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Reporting Terrorism and Conflict Situations: What is Media's Responsibility?

March 14, 2003


The Kapisanan ng mga Brodkaster sa Pilipinas (KBP), with the support of UNESCO National Commission (UNACOM) of the Philippines and the Asian Institute of Journalism and Communication (AIJC), organized the Roundtable Discussion (RTD) on Reporting on Terrorism and Conflict: The Responsibility of Media. The RTD was held on March 14, 2003 at 10AM-1PM at Manila Galleria Suites, Mandaluyong City.

The RTD was inspired by the need to explore the problems and dilemmas encountered by Filipino journalists active in various areas of media practice who have to report on acts of terrorism and conflict. In particular, the RTD hoped to gather insights to help the KBP formulate programs and ethical guidelines for its members who cover terrorism and conflict.

Thirty five persons participated in the RTD. Of these, 23 were involved in radio and television broadcasting; three in the print media; and nine came as representatives from media advocate groups, media training and media-related institutions. Some in the latter group are also media practitioners.

Prominent media and social personalities and observers were invited to join in the discussion to share experiences and insights on these areas: terrorism and how it differs from other acts of violence; perceived performance of Philippine media in covering terrorism, and if coverage allows audience to determine options to solve problem; responsibility of the journalist in reporting terrorism and conflict; maintaining balance and fairness for media practitioners; and if there is need for guidelines in reporting terrorism and conflict.

Highlights of the Discussion

A. Invocation and Welcome Remarks

  • The invocation was given by Mr. Rodolfo (Dodi) Lacuna, officer in charge of the News Department of the Radio Philippine Network (RPN)-9. Welcome remarks were given by Preciosa Soliven, Ph. D., UNACOM secretary-general, who said that UNESCO aims to alleviate poverty and help promote information technology. The Philippines is quite ahead of other Asian countries in education, communication, science, social science and science and technology in ASEAN. Dr. Soliven said that donors are now more wary and need more assurance that donations are more effective and have greater social impact. Hence, in the realm of media, UNESCO hopes to help effect balanced and truthful reporting, with more social contextualization. As an educator, these principles are promoted in Dr. Soliven's school and in her columns in Philippine Star. She also informed the participants that President Gloria Macapagal Arroyo has consented to be the guest speaker in the UNESCO General Assembly that will be held in September 2003.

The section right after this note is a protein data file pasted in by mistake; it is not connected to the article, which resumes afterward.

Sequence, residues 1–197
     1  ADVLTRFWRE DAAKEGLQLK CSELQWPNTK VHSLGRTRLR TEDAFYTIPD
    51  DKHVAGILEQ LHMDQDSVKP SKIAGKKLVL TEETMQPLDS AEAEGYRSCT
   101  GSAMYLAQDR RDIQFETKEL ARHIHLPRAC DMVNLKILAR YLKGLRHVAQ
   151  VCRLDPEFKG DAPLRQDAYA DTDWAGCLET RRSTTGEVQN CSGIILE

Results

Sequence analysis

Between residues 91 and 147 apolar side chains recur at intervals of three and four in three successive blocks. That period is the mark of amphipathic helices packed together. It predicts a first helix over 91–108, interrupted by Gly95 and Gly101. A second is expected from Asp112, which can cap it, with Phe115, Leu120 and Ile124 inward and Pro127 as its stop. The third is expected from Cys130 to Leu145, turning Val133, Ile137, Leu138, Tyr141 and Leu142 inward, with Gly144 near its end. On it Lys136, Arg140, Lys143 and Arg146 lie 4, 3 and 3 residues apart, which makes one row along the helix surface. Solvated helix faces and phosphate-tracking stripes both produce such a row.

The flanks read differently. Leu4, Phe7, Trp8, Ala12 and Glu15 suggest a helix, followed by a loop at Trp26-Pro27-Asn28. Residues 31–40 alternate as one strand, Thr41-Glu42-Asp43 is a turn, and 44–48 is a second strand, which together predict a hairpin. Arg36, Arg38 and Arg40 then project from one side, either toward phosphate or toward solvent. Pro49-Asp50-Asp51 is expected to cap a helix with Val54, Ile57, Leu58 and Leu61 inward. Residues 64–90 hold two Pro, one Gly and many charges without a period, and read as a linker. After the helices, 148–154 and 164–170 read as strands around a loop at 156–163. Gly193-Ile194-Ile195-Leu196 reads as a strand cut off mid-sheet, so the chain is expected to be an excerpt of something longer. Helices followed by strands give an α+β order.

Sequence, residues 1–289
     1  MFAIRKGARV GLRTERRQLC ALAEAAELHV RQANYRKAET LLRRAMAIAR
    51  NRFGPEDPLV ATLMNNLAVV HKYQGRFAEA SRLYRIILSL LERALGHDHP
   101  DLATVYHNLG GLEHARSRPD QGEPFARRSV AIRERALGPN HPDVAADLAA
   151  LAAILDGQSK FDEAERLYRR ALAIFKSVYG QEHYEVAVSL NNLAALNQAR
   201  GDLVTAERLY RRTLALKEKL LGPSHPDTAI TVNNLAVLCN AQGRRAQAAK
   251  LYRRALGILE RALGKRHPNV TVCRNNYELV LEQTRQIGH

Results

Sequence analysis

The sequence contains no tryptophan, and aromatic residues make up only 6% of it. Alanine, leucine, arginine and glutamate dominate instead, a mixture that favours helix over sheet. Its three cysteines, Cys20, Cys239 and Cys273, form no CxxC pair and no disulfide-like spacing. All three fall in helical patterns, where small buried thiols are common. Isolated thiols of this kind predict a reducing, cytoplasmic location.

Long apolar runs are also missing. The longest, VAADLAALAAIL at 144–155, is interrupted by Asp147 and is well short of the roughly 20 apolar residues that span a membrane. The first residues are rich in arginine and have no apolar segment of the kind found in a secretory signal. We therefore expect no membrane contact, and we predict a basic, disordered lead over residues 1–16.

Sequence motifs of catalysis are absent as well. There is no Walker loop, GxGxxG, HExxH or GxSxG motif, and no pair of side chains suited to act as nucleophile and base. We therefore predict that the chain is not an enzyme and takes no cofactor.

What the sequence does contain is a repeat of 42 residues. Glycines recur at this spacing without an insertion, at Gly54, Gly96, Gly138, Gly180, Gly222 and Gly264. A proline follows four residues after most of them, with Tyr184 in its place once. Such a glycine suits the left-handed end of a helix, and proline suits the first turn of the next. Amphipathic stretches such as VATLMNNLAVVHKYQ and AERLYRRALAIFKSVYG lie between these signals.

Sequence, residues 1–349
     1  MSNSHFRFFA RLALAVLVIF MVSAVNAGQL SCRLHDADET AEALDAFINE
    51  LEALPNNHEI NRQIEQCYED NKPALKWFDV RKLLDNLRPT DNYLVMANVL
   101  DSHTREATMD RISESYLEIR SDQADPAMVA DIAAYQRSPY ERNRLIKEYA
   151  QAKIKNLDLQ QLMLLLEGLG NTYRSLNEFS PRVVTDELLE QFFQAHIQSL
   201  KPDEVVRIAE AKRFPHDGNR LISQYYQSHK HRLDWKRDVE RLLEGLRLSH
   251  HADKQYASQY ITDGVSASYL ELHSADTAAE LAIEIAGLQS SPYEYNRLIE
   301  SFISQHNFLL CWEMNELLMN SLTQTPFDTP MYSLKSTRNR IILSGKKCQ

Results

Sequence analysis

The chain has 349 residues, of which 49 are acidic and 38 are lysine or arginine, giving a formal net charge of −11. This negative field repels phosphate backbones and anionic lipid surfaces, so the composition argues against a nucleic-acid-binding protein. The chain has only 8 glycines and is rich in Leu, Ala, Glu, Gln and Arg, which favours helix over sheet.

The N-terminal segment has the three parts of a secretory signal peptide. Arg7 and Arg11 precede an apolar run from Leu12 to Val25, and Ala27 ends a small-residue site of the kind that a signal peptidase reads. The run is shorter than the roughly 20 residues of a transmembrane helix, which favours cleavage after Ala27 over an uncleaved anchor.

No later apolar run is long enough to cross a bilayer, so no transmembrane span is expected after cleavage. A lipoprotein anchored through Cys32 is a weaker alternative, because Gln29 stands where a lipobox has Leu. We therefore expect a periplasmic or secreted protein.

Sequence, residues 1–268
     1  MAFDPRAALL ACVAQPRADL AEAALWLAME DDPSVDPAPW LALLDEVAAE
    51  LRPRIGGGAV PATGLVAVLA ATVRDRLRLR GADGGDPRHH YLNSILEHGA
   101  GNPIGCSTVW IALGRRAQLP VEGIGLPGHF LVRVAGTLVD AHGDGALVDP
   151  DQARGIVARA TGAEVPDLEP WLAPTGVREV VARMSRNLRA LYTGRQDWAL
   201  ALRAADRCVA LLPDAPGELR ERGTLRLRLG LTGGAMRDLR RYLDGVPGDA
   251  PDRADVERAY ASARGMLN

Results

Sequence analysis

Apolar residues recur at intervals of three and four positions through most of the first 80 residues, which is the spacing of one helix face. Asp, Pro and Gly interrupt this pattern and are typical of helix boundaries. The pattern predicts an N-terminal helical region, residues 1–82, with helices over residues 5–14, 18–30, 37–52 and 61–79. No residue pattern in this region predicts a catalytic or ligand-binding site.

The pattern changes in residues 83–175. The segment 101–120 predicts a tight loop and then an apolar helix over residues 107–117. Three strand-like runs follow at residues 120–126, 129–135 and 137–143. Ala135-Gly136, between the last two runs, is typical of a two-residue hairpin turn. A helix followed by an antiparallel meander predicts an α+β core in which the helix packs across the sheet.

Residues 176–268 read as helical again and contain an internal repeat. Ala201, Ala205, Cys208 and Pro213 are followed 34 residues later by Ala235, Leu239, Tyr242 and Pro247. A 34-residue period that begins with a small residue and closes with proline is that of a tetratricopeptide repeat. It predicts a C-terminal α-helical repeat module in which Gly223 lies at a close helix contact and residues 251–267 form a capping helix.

• Cerge Remonde, KBP national chairman, also gave his welcome remarks. Noting the questions that panelists were expected to share insights on, Mr. Remonde shared that DXRM, a radio station in Tandag, Surigao del Sur, was raided by armed men. The raiders also destroyed the station's transmitter, and hogtied the staff. Just a week before this incident, DXRM's radio station manager Alvin Malasa, was shot, although he survived the assault.
  • Mr. Remonde said that incidents like that of DXRM are grim reminders that they happen in many areas. He, however, cautioned that media practitioners themselves are guilty of "terrorism" brought about by unfair and malicious reporting.
  • Mr. Rey Hulog, KBP executive director and forum moderator, introduced the participants. He also announced that Mr. Vicente Tirol, UNACOM commissioner and lecturer in mass communications at the Ateneo de Manila University, could not attend.

B. Statement on Key Media Issues in Coverage of Terrorism and Conflict

  • Florangel Rosario Braid, Ph. D., UNACOM Communications Committee chair and former president and now senior adviser of the Asian Institute of Journalism and Communication, gave a statement on key issues in the media's coverage of terrorism and conflict situations. In her presentation, Dr. Braid said that there is no formal definition of terrorism, except for an early definition in the draft International Convention for the Protection and Punishment of Terrorism, which was never adopted. This document defined terrorism as "all criminal acts directed against a state, and directed, intended or calculated to create a state of terror in the minds of persons, groups, or the general public. "Further, terrorism makes use of violence to spread fear and disseminate terror. Terrorism employs various methods to obtain personal, social or economic demands. However, if the objective is political, such as the ousting of governments, the acts may constitute rebellion, rather than terrorism.